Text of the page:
English PEN’s Centenary Features Adichie, Shafak, Thiong’o, Dangarembga

In News by Porter Anderson

The centerpiece of English PEN’s year-long celebration of its 100th year is September’s three-day program of events in London, featuring leading writers.

The stalls at Southbank Centre in London on a November evening in 2019. Image – Getty iStockphoto: Alena Kravchenko

By Porter Anderson, Editor-in-Chief | @Porter_Anderson

Tickets Go on Sale Today
Several familiar personalities from the world of social justice literature will are scheduled to appear during a three-day series of events planned for the 100th anniversary of English PEN.

Early bookings for seats at these events open today (June 22) for Southbank Centre members. On Wednesday (June 23), English PEN members are offered a 10-percent discount on bookings as general-public sales begin. If you buy tickets to three or more of the events, there’s a 25-percent discount.

As the International Publishers Association turns 125, English PEN is observing its 100th anniversary with more branding: “Common Currency” is the name of its umbrella program for the centenary. This three-day program itself is called English PEN 100. The programming, September 24, 25, and 26, is set at London’s Southbank Centre, and generally has the look and feel of a Hay Festival weekend.

Daniel Gorman

In a prepared statement, English PEN director Daniel Gorman is quoted, saying, “For the past 100 years, English PEN has championed freedom of expression and literature across the world.

“This year, as we mark our centenary, we explore and expand on the founding themes of the organization: language and ideas crossing borders, free speech and democracy, and a celebration of women’s voices.”

Gorman speaks of the weekend in September as “an ambitious program at the Southbank Centre that will continue conversations, ideas, debates that we hope will inspire the next 100 years.”

Highlights of the Planned ‘English PEN 100’ Festival

Among those appearing during the ‘English PEN 100’ weekend in September are, upper row from left, Chimamanda Ngozi Adichie (image: Manny Jefferson); Daniel Hahn (image: John Lawrence); Elif Shafak (image: Oliver Hess); and Hassan Blasim (image: Michael Campanella). Lower row from left, Max Porter (image: Lucy Dickens); Meena Kandasamy (image: Varun Vasudevan); Philippe Sands (image: Antonio Olmos); and Tsitsi Dangarembga (image: Hannah Mentz)

September 24

  • Royal Festival Hall: Author and 2018 PEN Pinter Prize winner Chimamanda Ngozi Adichie speaks with author and columnist Nesrine Malik

September 25

  • Queen Elizabeth Hall: “Why Toni Morrison Matters” with Margaret Busby, Tsitsi Dangarembga and Nadifa Mohamed
  • Queen Elizabeth Hall: “Women Making Change” with Margie Orford, Ahdaf Soueif, Fatima Bhutto and Laura Bates discuss the PEN Women’s Manifesto and PEN founder Catherine Amy Dawson Scott
  • Purcell Hall: “Literature in Exile: Writers and Absence” with Authors Xiaolu Guo, Hassan Blasim, and Edmund de Waal with Georgina Godwin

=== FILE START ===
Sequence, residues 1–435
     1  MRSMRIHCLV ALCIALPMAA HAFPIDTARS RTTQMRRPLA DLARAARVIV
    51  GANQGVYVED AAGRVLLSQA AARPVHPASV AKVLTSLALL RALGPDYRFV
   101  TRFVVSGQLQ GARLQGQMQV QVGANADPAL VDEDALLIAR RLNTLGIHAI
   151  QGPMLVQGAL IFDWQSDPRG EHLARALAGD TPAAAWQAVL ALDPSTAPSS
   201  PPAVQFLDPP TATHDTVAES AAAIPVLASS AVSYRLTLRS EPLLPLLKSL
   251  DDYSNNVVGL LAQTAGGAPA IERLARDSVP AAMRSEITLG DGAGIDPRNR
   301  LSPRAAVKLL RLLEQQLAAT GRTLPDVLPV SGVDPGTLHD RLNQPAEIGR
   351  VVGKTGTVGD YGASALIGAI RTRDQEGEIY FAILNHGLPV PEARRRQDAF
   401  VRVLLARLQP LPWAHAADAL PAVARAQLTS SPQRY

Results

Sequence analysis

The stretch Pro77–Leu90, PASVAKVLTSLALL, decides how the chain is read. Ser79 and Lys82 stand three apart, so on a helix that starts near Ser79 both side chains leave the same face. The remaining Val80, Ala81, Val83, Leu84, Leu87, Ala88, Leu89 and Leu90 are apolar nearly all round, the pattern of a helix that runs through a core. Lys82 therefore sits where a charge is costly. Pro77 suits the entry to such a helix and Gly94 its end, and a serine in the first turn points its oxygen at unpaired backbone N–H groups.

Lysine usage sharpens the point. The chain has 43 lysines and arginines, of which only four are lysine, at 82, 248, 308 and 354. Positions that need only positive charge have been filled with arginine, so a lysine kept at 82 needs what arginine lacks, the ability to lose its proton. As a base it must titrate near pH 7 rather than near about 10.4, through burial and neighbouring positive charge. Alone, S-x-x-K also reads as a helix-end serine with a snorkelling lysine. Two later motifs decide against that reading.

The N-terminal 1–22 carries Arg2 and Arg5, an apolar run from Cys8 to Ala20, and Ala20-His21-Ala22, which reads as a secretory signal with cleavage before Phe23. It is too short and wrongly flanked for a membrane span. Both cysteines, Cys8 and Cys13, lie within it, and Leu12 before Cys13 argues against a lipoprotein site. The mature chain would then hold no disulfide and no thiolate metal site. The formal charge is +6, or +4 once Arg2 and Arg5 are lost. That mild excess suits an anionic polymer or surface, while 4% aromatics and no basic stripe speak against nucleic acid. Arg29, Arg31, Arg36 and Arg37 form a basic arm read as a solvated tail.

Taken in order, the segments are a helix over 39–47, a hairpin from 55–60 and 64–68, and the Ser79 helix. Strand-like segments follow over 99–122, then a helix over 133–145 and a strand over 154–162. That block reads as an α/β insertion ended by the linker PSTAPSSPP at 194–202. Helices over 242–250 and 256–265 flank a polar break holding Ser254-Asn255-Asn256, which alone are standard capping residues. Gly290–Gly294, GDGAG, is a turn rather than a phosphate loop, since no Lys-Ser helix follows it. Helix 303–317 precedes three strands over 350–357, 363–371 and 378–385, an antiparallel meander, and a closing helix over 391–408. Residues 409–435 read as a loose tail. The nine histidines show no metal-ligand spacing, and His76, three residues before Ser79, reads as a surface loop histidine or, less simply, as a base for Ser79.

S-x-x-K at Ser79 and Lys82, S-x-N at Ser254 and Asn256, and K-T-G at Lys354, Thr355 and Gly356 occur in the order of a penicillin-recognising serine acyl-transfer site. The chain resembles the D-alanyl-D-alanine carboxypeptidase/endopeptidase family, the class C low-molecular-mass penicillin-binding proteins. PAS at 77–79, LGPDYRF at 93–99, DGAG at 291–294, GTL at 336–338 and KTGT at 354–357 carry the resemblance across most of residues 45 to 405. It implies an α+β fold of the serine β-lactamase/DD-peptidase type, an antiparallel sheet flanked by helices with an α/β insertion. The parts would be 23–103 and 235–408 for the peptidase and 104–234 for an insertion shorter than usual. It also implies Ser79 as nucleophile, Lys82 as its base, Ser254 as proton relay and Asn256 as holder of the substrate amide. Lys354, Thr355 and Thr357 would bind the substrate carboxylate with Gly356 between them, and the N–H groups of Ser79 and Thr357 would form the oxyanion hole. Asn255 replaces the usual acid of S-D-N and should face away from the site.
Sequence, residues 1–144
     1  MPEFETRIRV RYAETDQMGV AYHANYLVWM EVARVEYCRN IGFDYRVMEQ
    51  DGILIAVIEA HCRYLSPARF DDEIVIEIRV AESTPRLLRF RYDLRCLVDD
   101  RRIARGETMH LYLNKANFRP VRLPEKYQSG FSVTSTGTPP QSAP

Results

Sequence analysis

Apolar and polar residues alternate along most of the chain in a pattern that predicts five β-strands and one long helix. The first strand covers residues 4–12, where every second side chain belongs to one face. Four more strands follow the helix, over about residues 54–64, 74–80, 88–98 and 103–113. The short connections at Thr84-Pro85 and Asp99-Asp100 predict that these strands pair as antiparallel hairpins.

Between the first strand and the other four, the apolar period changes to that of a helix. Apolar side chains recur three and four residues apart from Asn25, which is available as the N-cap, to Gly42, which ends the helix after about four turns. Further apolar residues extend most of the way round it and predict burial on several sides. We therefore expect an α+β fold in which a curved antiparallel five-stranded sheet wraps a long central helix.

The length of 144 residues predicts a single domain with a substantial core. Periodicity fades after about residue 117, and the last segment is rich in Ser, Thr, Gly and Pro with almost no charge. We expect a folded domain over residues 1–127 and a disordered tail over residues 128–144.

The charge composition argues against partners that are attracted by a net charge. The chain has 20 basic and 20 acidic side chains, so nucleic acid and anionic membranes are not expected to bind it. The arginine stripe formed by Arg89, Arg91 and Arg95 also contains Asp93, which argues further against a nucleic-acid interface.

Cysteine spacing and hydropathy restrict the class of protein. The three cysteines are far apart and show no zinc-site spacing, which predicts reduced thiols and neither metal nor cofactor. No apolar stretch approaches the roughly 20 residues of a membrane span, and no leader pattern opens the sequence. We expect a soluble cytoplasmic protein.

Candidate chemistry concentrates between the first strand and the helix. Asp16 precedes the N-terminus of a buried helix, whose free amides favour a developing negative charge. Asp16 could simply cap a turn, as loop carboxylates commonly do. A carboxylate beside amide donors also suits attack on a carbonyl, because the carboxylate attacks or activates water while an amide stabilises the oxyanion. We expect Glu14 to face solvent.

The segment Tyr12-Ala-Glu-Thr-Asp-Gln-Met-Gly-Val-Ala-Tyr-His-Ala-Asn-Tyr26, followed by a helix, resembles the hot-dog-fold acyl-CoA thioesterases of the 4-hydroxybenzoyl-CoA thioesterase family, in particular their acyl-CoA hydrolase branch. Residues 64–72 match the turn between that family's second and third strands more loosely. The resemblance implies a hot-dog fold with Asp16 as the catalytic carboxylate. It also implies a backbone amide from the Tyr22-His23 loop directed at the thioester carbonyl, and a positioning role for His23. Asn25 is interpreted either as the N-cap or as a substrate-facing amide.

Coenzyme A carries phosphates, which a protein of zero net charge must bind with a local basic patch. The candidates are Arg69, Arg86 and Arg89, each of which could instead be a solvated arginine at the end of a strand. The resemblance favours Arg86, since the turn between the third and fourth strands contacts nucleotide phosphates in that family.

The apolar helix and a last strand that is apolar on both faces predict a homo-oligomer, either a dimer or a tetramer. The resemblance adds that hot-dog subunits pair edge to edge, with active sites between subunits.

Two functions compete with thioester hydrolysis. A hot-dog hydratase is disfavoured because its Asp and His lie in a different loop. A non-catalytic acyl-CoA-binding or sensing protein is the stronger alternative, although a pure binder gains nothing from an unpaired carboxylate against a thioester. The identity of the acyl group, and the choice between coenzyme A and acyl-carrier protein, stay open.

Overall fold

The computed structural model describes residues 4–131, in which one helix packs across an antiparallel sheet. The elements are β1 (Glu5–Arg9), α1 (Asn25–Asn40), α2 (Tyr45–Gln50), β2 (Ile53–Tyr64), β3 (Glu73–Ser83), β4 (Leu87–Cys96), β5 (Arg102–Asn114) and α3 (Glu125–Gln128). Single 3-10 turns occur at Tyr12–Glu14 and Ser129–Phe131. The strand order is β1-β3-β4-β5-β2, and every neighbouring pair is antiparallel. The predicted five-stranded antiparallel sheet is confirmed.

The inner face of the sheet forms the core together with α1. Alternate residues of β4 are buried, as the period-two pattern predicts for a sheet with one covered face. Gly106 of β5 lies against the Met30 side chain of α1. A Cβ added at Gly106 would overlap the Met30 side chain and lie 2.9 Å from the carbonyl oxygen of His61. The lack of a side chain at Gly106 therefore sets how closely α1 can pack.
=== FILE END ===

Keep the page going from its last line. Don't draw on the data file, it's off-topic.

• Purcell Hall: “Dear Sister: Poems of Sisterhood and Solidarity,” commissioned writing hosted by Mona Arshi and curated by Rachel Long

September 26

  • Purcell Hall: “The Politics of Translation” with Sasha Dugdale, Meena Kandasamy, Ngũgĩ wa Thiong’o and translator and author Daniel Hahn talk about international writing, decolonizing literature, and the politics of translation
  • Purcell Hall: “Visions of the Future” with Temi Oh, Tade Thompson, and Ellah P. Wakatama on science fiction
  • Queen Elizabeth Hall: “Writers on Solidarity” with Tice Cin, So Mayer, Max Porter, Kit de Waal and Joelle Taylor on the importance of solidarity and literary activism
  • Queen Elizabeth Hall: “Free Expression Now” with English PEN president Philippe Sands speaks with German Book Trade Peace Prize laureate and PEN Pinter Prize winner Tsitsi Dangarembga, with Ngũgĩ wa Thiong’o and Elif Shafak on free expression

This “English PEN 100” part of the “Common Currency”-branded year is supported by a National Lottery Project Grant from Arts Council England; the British Council; Cockayne Grants for the Arts, a donor-advised fund of London Community Foundation; and PEN International.

Ted Hodgkinson, the head of literature and spoken word at Southbank, in a quote speaks about the weekend being a reflection “on the pivotal role the organization [English PEN] played for women writers in the UK, for free expression globally, and for readers and writers everywhere.”

Southbank currently is operating some live events with socially distanced seating.

“As the Southbank Centre reopens its doors,” Hodgkinson says, the company looks to September’s “lively and illuminating weekend with some of the world’s most exciting writers.”

More from Publishing Perspectives on the UK book market is here, more on English PEN is here, and more on freedom of expression and the freedom to publish is here.

More from us on the coronavirus COVID-19 pandemic and its impact on international book publishing is here.

About the Author

Porter Anderson

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Porter Anderson has been named International Trade Press Journalist of the Year in London Book Fair's International Excellence Awards. He is Editor-in-Chief of Publishing Perspectives. He formerly was Associate Editor for The FutureBook at London's The Bookseller. Anderson was for more than a decade a senior producer and anchor with CNN.com, CNN International, and CNN USA. As an arts critic (Fellow, National Critics Institute), he was with The Village Voice, the Dallas Times Herald, and the Tampa Tribune, now the Tampa Bay Times. He co-founded The Hot Sheet, a newsletter for authors, which now is owned and operated by Jane Friedman.